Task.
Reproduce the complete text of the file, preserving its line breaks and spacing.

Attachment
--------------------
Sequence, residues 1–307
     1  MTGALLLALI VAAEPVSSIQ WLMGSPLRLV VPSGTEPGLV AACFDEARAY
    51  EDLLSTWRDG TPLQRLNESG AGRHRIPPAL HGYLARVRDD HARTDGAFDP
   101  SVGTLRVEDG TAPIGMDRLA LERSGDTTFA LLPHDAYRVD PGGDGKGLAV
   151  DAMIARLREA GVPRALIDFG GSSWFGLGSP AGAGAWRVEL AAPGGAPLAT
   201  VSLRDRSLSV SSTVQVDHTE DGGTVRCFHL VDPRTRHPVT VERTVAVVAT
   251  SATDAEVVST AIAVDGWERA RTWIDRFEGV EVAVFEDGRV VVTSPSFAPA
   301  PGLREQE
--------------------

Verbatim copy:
Sequence, residues 1–307
     1  MTGALLLALI VAAEPVSSIQ WLMGSPLRLV VPSGTEPGLV AACFDEARAY
    51  EDLLSTWRDG TPLQRLNESG AGRHRIPPAL HGYLARVRDD HARTDGAFDP
   101  SVGTLRVEDG TAPIGMDRLA LERSGDTTFA LLPHDAYRVD PGGDGKGLAV
   151  DAMIARLREA GVPRALIDFG GSSWFGLGSP AGAGAWRVEL AAPGGAPLAT
   201  VSLRDRSLSV SSTVQVDHTE DGGTVRCFHL VDPRTRHPVT VERTVAVVAT
   251  SATDAEVVST AIAVDGWERA RTWIDRFEGV EVAVFEDGRV VVTSPSFAPA
   301  PGLREQE